Anne Burt holds hands with resident Joan Hansen as they watch "Elvis" perform on Aug. 16, 2018, at Woodbury Senior Living. Hannah Black / RiverTown Multimedia
Anne Burt holds hands with resident Joan Hansen as they watch "Elvis" perform on Aug. 16, 2018, at Woodbury Senior Living. Hannah Black / RiverTown Multimedia

Burt also works part-time for water management company Phigenics. Having earned a bachelor's degree in chemistry from the University of Dayton and a Master's of Business Administration from Johns Hopkins University, she has worked for more than 30 years in business development and strategic management with a focus on water quality.

Because of her decades of experience dealing with the issue in the private industry, Burt said digesting information from the complicated 3M east metro settlement has been very manageable.

Her biggest challenge over the past year, Burt said, has been adjusting to the formalities that come with presiding over council meetings: the procedures a mayor and council must follow and say out loud to do things like vote on resolutions or open up a public discussion. When she does misstep, city clerk Kim Blaeser is quick to step in and gently correct her.

With nearly 12 months of practice, though, and the benefit of being able to go back and watch recordings of Stephens presiding over meetings, Burt said she's "finally getting the hang of that."

Burt said she's been impressed with City Council — members Steve Morris and Jennifer Santini were elected in 2018 to serve alongside Andrea Date and Amy Scoggins — and city staff. She called City Administrator Clint Gridley "probably one of the best city administrators in the state and maybe beyond."

"It's been heartwarming, endearing, just to see how serious everyone takes their job and the questions they ask and the things they get into," Burt said.

Looking ahead to 2020

A 2019 survey of Woodbury residents conducted by the city through a firm found "drinking water sustainability" was one of residents' top-three issues.

Burt said she understands the concern, especially with the ongoing 3M settlement and water issues consistently in the news. While emphasizing that the city meets all current drinking water requirements, she stressed the urgency of the city finding a solution to water quality before summer 2020, when water needs will increase.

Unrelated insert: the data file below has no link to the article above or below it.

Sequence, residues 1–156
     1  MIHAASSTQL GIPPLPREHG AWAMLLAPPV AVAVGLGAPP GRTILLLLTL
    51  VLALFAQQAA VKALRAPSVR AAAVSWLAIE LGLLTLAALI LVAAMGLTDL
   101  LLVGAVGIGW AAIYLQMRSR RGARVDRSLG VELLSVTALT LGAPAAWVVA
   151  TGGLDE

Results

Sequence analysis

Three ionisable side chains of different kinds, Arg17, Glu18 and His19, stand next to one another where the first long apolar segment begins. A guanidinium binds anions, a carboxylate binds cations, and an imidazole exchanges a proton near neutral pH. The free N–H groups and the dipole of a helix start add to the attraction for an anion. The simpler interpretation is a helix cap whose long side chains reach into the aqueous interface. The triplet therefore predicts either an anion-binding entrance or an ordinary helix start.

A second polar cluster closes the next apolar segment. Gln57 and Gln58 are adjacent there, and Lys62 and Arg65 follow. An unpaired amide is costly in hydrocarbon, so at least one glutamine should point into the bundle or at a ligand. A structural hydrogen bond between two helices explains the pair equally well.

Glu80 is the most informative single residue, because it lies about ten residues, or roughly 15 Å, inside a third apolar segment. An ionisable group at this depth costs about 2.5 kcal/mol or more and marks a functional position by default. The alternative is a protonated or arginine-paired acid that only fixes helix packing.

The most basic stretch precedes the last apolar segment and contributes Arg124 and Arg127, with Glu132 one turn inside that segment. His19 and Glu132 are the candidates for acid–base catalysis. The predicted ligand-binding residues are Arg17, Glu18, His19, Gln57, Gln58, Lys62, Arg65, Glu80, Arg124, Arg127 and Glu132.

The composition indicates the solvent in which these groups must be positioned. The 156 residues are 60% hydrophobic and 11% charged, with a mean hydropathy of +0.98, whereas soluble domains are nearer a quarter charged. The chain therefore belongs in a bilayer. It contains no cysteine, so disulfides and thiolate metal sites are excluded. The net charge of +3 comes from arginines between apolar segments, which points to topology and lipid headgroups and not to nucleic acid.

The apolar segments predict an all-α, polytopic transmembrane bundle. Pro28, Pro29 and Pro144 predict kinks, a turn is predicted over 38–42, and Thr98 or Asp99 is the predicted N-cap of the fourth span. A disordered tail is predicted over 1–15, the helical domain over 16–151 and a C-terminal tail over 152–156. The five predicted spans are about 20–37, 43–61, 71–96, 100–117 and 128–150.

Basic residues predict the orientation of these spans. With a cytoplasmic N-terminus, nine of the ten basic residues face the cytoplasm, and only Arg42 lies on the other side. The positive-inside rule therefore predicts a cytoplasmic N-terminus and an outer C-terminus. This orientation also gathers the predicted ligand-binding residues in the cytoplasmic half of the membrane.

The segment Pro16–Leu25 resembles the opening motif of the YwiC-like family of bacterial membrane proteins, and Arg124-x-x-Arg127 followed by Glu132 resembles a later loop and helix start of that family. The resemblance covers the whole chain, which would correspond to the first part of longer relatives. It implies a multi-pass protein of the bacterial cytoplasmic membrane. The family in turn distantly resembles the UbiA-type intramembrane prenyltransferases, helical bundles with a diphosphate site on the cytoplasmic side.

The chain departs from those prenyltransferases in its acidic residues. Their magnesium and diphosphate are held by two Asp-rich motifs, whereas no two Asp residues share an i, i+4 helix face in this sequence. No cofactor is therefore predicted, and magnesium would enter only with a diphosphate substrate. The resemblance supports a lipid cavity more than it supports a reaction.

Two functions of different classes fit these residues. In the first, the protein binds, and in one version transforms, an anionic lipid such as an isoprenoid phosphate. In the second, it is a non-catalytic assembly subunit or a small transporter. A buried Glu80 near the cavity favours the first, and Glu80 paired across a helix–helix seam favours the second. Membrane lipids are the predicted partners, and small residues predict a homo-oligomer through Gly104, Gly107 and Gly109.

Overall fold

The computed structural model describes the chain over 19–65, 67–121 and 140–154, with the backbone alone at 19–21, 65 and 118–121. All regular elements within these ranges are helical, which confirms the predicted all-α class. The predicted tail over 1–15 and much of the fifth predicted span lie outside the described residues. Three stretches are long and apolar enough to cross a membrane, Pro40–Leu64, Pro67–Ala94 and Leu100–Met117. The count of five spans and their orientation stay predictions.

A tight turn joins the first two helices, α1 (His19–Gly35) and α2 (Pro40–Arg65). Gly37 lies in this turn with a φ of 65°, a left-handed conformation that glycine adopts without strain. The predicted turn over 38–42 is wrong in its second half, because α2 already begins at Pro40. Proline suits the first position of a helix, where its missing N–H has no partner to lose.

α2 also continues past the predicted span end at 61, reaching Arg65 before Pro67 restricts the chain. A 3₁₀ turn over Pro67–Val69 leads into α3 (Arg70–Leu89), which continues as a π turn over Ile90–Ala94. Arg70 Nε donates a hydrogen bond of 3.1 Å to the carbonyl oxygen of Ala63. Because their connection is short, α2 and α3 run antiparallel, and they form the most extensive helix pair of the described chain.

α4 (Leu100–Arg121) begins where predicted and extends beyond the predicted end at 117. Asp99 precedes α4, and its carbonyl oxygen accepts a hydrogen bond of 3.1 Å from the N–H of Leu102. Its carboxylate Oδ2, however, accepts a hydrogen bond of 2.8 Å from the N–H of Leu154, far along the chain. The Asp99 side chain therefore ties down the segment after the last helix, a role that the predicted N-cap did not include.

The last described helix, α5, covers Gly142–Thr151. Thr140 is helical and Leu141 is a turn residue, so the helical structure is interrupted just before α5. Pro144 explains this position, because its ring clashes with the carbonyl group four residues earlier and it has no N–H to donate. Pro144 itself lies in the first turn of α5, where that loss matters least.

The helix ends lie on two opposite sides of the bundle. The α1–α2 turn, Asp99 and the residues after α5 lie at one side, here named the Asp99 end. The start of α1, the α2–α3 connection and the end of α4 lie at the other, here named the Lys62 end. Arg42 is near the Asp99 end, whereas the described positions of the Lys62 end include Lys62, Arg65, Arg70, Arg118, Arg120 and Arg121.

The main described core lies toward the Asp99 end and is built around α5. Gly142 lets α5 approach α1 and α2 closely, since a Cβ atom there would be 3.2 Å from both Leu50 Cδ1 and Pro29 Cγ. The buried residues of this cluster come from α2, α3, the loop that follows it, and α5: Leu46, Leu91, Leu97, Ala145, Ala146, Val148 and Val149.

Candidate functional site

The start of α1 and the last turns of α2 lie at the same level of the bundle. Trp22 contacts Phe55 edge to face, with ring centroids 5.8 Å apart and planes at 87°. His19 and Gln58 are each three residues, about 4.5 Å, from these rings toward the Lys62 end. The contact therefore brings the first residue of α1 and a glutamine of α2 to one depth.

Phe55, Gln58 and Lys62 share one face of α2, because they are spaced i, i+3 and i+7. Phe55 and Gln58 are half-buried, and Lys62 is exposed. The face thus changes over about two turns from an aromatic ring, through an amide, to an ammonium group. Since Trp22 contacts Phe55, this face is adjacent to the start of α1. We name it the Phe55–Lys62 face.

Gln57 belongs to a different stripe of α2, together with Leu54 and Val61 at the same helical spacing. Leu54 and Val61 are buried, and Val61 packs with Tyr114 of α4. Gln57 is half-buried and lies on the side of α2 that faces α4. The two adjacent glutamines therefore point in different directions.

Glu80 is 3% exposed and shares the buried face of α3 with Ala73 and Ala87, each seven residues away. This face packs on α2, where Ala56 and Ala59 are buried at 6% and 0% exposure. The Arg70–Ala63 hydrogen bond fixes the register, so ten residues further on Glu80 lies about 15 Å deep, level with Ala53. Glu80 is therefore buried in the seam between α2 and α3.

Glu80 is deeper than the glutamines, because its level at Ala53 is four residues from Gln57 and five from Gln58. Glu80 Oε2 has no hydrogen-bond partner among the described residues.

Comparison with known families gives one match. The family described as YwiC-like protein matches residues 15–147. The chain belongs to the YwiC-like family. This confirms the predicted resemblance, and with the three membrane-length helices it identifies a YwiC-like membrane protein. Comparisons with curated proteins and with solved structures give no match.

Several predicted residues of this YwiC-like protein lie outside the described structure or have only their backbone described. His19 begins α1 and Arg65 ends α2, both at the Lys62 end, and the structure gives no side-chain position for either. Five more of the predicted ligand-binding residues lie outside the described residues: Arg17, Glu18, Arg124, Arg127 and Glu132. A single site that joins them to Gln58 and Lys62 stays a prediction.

Since the removal of a sixth city well from rotation in October, city leaders have been working with the state to try and get funding from a 2007 consent order between 3M and the Minnesota Pollution Control Agency that addresses a short-term fix, Burt said. This would likely be the purchase and installation of granular activated carbon filters, a popular way to treat water contaminated with PFAS.

"If those things don't get worked out, we're going to have some water restrictions next summer, and I think we'd all like to avoid that," she said.

Leadership of the 50-year-old city has also set its sights on renovation of aging parks and trails. The proposed 2020 budget, set to be approved Dec. 11, includes a $500,000 levy to create the Parks and Trails Replacement Fund.

Progress on a new park, the 70-acre Valley Creek expanse, is likely to continue in 2020, with many residents calling for minimal changes to the open land.

Burt said she recognizes some residents would rather keep the rest of Woodbury's undeveloped land the way it is, as well. However, "it's not really our job," she said.

"We're a growing area, so we have to find room ... But we do that in a very thoughtful way," Burt said. "It's very well-planned and very thought out."

Another challenge will be figuring out how to fund updates to an aging Central Park building and expand sorely-needed parking for it, the Woodbury YMCA and R.H. Stafford Library. It's possible these future renovations could be helped along by a lodging tax, which the city plans to fight for during the upcoming legislative session.